- Forty years brings wisdom
- At fifty an individual can give counsel
- Sixty years of age is considered old age
- Seventy years is regarded as the fullness of years
- Eighty is the age of "strength"
- Ninety is the age of the bent body
- At one hundred, as good as dead and gone completely out of the world
Most Important Jewish Milestone Birthdays
Some Jews, especially Orthodox Jews, don't celebrate every birthday. Most pass without ceremony, except for the third birthday when a male child receives his first haircut, the fifth birthday when he begins a formal study of Torah, and his bar mitzvah at age 13.
Bar Mitzvah and Bat Mitzvah
Perhaps the most well-known Jewish birthday celebration is the Bar (son) Mitzvahs and Bat (daughter) Mitzvahs (commandment.) A Bar/Bat Mitzvah marks the transition from childhood to adulthood. The bar mitzvah is a relatively recent ceremony in Jewish history. The bat mitzvah is a modern tradition initiated in 1922. All Jews recognize that when a son or daughter becomes 13, they have reached the age of moral and ethical accountability.
The Jewish Coming-of-Age Birthday Celebration
These coming-of-age celebrations are an established custom in ordinary Jewish families and perhaps the most important birthday in the religious life of a Jew. It's proceeded with torturing in Hebrew school, which includes studying the Torah, the old testament, learning about Judaism, speaking Hebrew, and practicing, practicing, and more practicing. Bar and Bat mitzvahs are traditionally celebrated with a ceremony in the synagogue. The celebrant will often wear a scarf called Tillit and be called to lead services, deliver a speech, or otherwise demonstrate their newfound adult status. This is usually followed by a fun and extravagant party for friends and family.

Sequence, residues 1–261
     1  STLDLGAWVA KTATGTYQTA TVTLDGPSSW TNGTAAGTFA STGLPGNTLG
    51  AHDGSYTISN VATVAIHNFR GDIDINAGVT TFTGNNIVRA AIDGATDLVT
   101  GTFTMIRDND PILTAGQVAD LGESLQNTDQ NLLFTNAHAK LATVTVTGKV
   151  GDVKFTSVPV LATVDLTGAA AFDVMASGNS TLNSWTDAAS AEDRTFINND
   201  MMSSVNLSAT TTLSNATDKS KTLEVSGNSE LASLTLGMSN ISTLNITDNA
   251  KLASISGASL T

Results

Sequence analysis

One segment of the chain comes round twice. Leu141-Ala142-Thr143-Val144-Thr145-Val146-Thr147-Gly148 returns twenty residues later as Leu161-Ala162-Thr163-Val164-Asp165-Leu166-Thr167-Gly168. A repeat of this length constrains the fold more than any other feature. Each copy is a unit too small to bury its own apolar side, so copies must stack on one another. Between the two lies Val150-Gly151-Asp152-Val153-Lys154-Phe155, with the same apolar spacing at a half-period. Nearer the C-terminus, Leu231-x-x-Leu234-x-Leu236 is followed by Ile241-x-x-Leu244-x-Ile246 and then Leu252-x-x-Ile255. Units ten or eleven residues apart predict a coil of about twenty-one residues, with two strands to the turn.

Fitting Bar and Bat Mitzvah Celebratory Gifts
Guests at a bar or bat mitzvah party typically give cash gifts to celebrate this significant milestone birthday. Cash gifts for bar mitzvahs are usually given in multiples of 18, such as $18, $36, or $54. Gifts in increments of 18 is an old tradition that expresses the gift-givers' hope that the recipient will enjoy a long and prosperous life. Of course, you don't have to give cash, but keep in mind that a bar or bat mitzvah is a spiritual event, not just a birthday party, and give a gift that has appropriate meaning.
One Hundred and Twenty Years of Age
The Yiddish phrase: 'Bis hundert und tzvantzig, meaning until 120, is a traditional birthday greeting that expresses the wish for a long righteous life and good health. The Book of Jewish Knowledge explains that God declared in Genesis 6:3 that humans will live only 120 years, and according to the Torah, Moses died at the age of 120. Jews view a long life as a reward for righteous behavior.
Happy Rosh Hashanah
Rosh Hashanah is special to the Jewish people because it's the birthday of humankind. Some Jews consider an individual's birthday their personal one-day Rosh Hashanah. The Jewish culture believes every day is an opportunity for gratitude and renewal and that your birthday is an especially good time to rejoice, as you look back on your life, and reflect upon how you can give back to the world.